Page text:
against the passage of tho "Pistol
toting Bill," Introduced In tho senate
jy Senator Johnson. Tho letter has CI
Llso been sent to hardware dealers wind
hroughout tho State. man;
The bill provides that a llccnso ol Nehi
110 shall be paid for carrying a pistol, sin,
md the licensee Is Tequlred to give gam
>ond of (3,500. It IB contended that So
hugs and law-breakers generally will the
tot observe such a law any more than Nort
hey do those now on the books, and Ing
he respectable citizens will practical- morr
y be charged (10 license for the priv- Rnlli
lege or defending himself. Stati
Glenn Mur.dlc, of Fairmont, Is a Su
low scholar at the Union Business flero
tollego (onlay. that
========= st
?FOR? aro I
ffi *r 4 it ? w
m. valentines uay ?
s===3===sa=== Pol'?
also II
Sueccooor of Ed. M. Hall.
Con. 'Phono,^637.: ?:Boll, 538.
rts Anent
Gov. Dawson
ONTREAL, Feb. 10. ? Montreal's
Carnival, tbe srenteat annual
it of Its kind In the world, opened
ty with thousands of visitors from
ivor Canada and the United States,
many tourists from England,
rmlng Into the city and filling the
Is and boarding houses to overlng.
Sporting events of nil kinds
;h .have to do with Ico and snuw
scheduled for the next ten days,
there will be allegorical pageants
processions galore, but the prim
I center of Interest Is tho mamIt
palace, built entirely of Ice,
h has been erected for tho occa,
Thousands upon thouBnnds of
ks of Ice, each block measuring
cubic feet and weighing some 100
ids, were used In Its construction,
main tower of the palnco has been
f>d tn honor of fflne Fdn-nrd and
90 foot high, while less Imposing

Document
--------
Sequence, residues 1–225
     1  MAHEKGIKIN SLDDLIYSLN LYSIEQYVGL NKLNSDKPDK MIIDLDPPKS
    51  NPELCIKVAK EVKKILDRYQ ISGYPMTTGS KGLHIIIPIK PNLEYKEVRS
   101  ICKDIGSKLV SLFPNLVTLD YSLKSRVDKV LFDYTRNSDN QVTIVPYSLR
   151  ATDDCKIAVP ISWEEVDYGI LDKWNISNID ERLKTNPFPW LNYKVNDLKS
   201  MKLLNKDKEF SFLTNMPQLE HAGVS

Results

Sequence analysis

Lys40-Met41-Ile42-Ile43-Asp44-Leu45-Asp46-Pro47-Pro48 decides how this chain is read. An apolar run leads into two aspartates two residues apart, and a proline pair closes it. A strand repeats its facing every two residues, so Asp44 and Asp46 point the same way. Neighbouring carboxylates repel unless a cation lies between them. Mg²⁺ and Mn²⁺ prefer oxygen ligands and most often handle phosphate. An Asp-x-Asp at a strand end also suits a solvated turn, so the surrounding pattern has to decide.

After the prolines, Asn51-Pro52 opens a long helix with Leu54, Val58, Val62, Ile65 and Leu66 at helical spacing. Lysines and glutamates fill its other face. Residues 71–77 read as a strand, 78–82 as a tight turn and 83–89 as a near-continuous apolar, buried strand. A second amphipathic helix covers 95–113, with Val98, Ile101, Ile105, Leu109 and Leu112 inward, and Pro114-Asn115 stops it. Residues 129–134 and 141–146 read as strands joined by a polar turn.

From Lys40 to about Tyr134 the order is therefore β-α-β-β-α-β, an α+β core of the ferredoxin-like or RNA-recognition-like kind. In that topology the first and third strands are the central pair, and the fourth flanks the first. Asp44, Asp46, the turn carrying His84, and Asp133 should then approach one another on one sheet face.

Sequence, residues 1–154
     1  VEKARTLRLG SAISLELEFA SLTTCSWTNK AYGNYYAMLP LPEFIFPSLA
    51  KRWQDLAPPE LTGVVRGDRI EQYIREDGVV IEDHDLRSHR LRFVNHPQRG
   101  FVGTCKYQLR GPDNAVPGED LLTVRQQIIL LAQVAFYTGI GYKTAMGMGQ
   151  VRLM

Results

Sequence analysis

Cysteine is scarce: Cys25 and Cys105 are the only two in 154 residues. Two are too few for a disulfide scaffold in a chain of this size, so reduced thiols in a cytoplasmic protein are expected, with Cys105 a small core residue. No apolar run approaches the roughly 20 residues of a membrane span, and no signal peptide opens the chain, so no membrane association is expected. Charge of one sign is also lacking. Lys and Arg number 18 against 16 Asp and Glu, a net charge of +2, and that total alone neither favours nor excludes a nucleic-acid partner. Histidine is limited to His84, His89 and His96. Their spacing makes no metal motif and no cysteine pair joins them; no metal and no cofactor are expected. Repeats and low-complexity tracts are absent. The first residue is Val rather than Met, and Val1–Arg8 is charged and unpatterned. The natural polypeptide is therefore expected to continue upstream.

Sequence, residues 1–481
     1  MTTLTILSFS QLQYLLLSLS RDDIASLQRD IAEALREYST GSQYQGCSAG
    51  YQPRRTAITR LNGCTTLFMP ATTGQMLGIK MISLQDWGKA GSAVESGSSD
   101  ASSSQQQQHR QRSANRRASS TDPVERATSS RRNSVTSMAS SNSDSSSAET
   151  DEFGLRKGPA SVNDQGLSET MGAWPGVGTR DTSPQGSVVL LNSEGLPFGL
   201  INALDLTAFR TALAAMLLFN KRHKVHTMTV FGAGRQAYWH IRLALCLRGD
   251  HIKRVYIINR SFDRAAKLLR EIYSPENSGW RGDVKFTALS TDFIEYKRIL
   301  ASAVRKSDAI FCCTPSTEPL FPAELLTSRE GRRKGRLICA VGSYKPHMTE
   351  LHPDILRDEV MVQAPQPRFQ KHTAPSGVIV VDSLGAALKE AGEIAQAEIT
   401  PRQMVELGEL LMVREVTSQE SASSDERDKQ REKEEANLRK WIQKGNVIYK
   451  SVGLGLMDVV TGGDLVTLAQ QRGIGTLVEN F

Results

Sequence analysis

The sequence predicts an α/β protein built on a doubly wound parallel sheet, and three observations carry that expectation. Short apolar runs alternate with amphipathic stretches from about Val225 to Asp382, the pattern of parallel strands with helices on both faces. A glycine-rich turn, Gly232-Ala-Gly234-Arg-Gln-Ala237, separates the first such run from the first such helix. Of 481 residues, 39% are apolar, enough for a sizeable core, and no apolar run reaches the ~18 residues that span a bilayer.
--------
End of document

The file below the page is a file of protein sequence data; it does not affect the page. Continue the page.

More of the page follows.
irs, the Queen Alexandra ami the
ce of Wales, are connectol with
main tower by beautiful arches
most dimoiiH part of the work,
i a building standpoint, lias been
with the secure eenajjuctlort of
foundations of the towers. Up
bout twenty feet the walls have
built of a double' thickness of
for the sake of safety. After thnt
one thickness was reipilrod. The
lor of the main tower fa octagon
hape. and aomo thirty-live feet
side to side. No worn! was used
ptan occasional piece required
bracing purposes. The IJoor lnof
the palace Is of hard snow,
l-day's Inaugural programme of
ts Included skating In the varlrinks,
tobogannlng nt the fork
!, a ladles* curling bonsplel, curlmatches
at all the rlnlta, and a
iplonshlp hockey match; A torcfi
snowshoe tramp over the mouni
by many snowBhoe clubs will be
ectaculnr feature of the evening.
Saturday the Canndia'n ski chamships
will be held,
ery train into the city brings
ma of vlBltors and It appears rerthat
this year's carnival will be
nost successful ever held In CanThere
hns been some criticism
io Ice carnival by commercial bodas
it is asserted that such a (fairs
a false Idea of the Canadian clibut
this has not deterred the
ttees in their labors to make the
vltlcs of international interest.
tup imivrutirprT
nCAGO, Feb. 10.?Snow and hi Kb
? reaching blizzard proportions In
f places, prevailed yesterday' tp
asks, Iowa, Minnesota. Wlsconthe
Dakotas and parts of Mich!nth
Dakota points reported that
railroads are all blockaded. In
h Dakota a fierce storm Is com
from the northeast and before
ling will be sweeping the State,